But Sheppard, who also played for Azad University in the Iranian league until this year, had no idea he was about to become the star of what initially struck him as a 24/7 reality show.
“I was starting to think this was like ‘Jersey Shore,’ or some craziness,” he said. “I was like, man, I ain’t gonna do this.”
But Schauder and Nodjoumi hoped to make Sheppard’s story much deeper than his basketball because he was breaking cultural barriers.
For instance, Sheppard became close friends with three Iranian women, rare in a country where the sexes are forbidden from interacting in public. The bonding began with Hilda, the team physical therapist, and two friends who became Sheppard’s translator and driver.
The relationships gave Sheppard his first sense of human rights issues in Iran, especially the inequality between the sexes.
“It was really bad for women. Once I got to know some of the ladies it was so … it was even worse,” he says. “Most of the women are so highly educated and can’t use it to their potential. It was so sad.”
But the filmmakers insist their documentary – “The Iran Job”– is not meant to be a heavy-handed political documentary on a Middle East country fighting for its freedom. They felt that Sheppard’s witty personality attracts colorful characters that bring playfulness and humor to an unusual story.
“Through sports we wanted to get into a society that is often misrepresented and misunderstood,” Schauder said. “Kevin had the same perception about these places as many Americans; he just goes there and shatters them.”
Schauder continued filming the discussions and cultural exchanges Sheppard encountered both on and off court, but as the 2009 presidential elections and violent street protests took hold, it became increasingly difficult to gather footage of him on the streets of Tehran.
Working as a one-man band, Schauder found himself filming non-stop for three to four hours at a time. With nothing but a backpack and endless tapes, he was extra cautious not to attract attention, often trying to blend in as a tourist.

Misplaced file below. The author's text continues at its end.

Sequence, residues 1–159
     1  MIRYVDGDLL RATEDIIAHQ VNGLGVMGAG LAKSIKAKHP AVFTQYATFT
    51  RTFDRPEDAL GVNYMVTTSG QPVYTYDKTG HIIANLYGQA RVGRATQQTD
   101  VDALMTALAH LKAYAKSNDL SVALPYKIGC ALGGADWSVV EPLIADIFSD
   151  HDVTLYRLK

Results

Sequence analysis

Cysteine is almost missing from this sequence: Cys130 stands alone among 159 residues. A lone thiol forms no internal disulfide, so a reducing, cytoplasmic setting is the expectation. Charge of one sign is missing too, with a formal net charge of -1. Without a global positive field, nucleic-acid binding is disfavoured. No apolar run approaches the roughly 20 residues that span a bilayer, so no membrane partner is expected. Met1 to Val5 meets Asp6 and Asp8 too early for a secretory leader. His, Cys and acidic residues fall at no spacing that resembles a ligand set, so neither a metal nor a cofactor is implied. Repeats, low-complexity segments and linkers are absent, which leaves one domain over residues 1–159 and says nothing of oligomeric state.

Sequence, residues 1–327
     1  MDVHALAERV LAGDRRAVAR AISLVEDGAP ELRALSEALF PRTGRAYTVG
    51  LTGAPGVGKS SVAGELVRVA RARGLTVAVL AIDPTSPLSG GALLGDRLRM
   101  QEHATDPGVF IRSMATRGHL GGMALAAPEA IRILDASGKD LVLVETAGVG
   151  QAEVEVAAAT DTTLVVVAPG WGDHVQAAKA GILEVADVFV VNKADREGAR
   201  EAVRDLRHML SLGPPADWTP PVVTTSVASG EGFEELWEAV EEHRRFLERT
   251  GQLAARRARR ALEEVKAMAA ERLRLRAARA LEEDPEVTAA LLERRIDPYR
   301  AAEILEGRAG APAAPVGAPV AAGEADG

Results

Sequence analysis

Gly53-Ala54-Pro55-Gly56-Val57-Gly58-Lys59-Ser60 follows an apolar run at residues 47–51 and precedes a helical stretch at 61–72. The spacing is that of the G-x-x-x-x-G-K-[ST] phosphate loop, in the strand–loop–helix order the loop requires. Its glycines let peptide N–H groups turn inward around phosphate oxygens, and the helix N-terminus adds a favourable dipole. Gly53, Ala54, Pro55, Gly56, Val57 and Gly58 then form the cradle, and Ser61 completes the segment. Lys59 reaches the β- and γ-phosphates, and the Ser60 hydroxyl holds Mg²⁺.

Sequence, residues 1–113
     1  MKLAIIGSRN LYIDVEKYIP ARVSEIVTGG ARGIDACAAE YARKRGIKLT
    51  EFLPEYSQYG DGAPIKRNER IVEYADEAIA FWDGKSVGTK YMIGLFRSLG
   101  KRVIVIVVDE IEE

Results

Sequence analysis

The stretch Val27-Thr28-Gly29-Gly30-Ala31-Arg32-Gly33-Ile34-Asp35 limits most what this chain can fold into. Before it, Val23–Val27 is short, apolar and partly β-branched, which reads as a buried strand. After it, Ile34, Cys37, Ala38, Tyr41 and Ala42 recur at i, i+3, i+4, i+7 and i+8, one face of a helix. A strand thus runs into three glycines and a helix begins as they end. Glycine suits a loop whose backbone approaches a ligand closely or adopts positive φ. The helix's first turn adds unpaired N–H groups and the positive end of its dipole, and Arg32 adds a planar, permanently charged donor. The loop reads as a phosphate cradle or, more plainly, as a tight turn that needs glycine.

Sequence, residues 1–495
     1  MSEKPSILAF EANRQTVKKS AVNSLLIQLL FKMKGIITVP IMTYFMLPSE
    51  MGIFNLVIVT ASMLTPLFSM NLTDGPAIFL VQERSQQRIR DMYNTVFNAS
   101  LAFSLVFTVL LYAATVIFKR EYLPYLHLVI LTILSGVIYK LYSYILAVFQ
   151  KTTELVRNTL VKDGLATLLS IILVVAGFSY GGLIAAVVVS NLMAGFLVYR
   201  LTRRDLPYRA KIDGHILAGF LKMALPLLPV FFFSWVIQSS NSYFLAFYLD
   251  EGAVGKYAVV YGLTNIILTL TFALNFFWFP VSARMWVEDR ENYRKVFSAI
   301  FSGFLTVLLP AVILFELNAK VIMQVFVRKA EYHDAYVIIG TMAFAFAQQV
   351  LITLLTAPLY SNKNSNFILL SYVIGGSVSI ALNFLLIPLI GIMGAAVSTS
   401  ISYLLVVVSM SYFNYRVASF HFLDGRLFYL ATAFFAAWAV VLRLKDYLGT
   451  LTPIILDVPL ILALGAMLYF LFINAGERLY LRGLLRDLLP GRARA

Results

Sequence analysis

He would mail footage to his mother in Germany who would send it to his wife in New York – in one case, 90 hours’ worth.
“I mailed 80 tapes and kept the 10 I felt had the biggest nuggets with myself,” Schauder says. “I hid them in my underwear and socks out of fear.
“That was the scariest time for me because I knew that was great footage. I knew this was potentially a really good film if it ever gets to America.”
Schauder, who had been denied a journalist’s visa, freely traveled in and out of the country before his last planned trip near the end of the basketball season. Shortly before the June elections he was detained in Iran. He spent 24 hours in confinement before being sent back to the United States with no explanation.
On the basketball court, Sheppard was unfazed by the street protests. However, off court he found himself enmeshed in the tangle of politics, current affairs and sports.
“I could see it on my teammates’ faces,” he said. “Their relatives were being hurt and kidnapped. That’s when it really hit me that this thing is real, and I just couldn’t escape it.”
Sheppard is now focusing on his after-school education program mentoring children in the U.S. Virgin Islands. The most talented are given the opportunity to meet basketball scouts in hopes of one day following in his footsteps.
While still interested in visiting his friends back in Iran, he admits that might be difficult.
“After this documentary is released, I don’t think I will want to go back – they’ll lock me up!”